Statesmen for civil rights

Let us remind the writer of “Politically correct to the extreme” (May 21), who decries transgender people, of a couple things:

First, if one believes in an all-knowing and all-powerful God, one must also acknowledge that God doesn’t make mistakes. The plumbing and/or psychological issues we refer to as gender misclarity must be part of the Almighty’s plan — the quilted, colorful, sometimes frayed fabric of the life he intended for us. We should embrace it. Those who can’t should look to the 11th Commandment (John 13:34).

Second, the writer should take note that Barack Obama is not the first president to step in after a bigoted state official tried to encroach on a people’s civil rights. In 1859, Abraham Lincoln believed civil rights were worth going to war over. In 1957, Dwight Eisenhower sent the 101st Airborne to Little Rock, Ark., when Orval Faubus tried to prevent integration of the city’s schools. In 1963, John Kennedy threatened to federalize the Alabama National Guard when George Wallace refused to integrate the University of Alabama. Note that two of these presidents were Republicans. All were statesmen.

Now it is Obama’s turn.

Jeff Davis

Akron

Complicated with Clinton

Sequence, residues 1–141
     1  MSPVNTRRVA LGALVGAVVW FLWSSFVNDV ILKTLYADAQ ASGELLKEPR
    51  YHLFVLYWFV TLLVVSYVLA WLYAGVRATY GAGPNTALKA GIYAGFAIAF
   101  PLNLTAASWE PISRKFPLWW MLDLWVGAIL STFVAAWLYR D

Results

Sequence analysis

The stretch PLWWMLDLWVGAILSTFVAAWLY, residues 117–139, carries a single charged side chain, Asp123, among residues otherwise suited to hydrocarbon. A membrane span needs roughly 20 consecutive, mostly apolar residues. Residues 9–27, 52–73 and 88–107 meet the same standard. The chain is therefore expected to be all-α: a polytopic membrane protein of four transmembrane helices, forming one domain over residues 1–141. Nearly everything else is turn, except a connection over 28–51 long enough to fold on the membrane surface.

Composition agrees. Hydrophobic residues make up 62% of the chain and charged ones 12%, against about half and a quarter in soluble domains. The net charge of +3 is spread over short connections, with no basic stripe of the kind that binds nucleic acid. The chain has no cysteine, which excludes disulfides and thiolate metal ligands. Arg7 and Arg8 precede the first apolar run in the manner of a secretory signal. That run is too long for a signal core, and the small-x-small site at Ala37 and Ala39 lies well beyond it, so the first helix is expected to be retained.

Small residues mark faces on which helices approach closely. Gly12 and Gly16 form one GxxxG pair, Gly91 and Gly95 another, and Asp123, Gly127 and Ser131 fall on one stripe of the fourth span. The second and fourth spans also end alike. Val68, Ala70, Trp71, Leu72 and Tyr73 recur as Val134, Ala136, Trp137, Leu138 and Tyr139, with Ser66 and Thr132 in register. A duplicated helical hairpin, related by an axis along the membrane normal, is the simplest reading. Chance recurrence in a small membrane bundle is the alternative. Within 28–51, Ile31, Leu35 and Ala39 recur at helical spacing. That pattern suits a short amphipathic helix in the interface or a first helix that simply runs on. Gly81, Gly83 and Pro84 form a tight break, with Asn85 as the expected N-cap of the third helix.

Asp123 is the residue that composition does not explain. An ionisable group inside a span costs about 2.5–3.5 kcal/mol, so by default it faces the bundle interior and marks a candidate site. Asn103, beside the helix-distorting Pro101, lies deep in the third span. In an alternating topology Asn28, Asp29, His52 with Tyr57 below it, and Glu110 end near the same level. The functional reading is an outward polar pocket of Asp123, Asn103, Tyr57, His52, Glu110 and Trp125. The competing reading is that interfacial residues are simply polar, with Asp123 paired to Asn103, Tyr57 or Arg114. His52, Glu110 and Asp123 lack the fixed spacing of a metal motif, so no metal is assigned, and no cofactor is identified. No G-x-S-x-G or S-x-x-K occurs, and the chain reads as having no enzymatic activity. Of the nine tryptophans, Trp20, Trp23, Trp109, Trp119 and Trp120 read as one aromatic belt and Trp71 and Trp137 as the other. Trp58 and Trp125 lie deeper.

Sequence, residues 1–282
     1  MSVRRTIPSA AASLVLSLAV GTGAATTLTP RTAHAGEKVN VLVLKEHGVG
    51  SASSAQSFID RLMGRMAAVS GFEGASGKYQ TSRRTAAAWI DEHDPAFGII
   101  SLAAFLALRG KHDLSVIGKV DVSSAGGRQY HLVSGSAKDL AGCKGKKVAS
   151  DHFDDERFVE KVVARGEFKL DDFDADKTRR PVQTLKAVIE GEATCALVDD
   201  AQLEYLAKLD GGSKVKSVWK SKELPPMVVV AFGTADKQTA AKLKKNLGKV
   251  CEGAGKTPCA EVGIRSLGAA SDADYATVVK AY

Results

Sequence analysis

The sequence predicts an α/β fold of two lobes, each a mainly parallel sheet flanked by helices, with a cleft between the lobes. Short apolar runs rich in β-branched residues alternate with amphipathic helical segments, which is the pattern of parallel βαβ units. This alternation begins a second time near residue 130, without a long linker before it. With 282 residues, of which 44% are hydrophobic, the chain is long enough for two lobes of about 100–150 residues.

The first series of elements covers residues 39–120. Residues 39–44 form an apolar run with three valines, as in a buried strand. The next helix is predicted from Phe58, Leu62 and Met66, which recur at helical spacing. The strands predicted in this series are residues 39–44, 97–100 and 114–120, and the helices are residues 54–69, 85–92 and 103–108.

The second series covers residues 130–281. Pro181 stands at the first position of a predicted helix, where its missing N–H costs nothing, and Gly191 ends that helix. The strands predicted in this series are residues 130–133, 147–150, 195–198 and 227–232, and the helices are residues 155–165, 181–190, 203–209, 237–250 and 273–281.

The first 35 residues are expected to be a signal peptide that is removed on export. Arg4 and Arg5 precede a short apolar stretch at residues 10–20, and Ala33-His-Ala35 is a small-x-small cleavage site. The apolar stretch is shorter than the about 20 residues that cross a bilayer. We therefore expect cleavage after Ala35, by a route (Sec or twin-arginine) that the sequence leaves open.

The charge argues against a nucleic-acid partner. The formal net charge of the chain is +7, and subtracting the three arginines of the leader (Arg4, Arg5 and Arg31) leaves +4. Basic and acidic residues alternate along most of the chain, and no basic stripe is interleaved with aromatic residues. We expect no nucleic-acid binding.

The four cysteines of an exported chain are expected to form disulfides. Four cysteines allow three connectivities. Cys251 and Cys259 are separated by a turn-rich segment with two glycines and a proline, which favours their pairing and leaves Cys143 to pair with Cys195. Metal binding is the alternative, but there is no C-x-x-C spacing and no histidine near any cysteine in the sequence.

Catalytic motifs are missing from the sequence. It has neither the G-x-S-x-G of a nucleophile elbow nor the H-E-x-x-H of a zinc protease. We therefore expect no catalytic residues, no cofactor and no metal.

Donald Trump has exposed a lot of people for what they are, and opened a lot of eyes. The media are particularly upset because he played them like a banjo. This time they are out to get even.

Staffs of media investigators are trying to find anything bad about Trump. However, their mission is complicated by having to hide Hillary Clinton’s ineptness.

When the fact that she has accomplished nothing, and lies, is added to a long history of scandals, including recent ones such as Benghazi, the Clinton Foundation, emails and being under investigation by the FBI, the media becomes overwhelmed. They need help from the Pentagon, Bill Clinton, Barack Obama and Bernie Sanders.

It’s taking a village to make Hillary look competent.

Gary Eaton

Stow

Utility customer feels the burn

I — the rate-paying customer — will be handed the bill for FirstEnergy’s security enhancements to be provided for the Republican convention in Cleveland (“FirstEnergy charged up for RNC festivities,” May 18). The GOP is kicking in nothing toward the cost.

The last I heard the Republican Party is a private organization, some of whose donors are plutocrats making literally more in a day than you or I do in a lifetime.

I, for one, am not so sure how much of a boon this shindig will actually be for Cleveland and its businesses.

Patrick A. Lofgren

Akron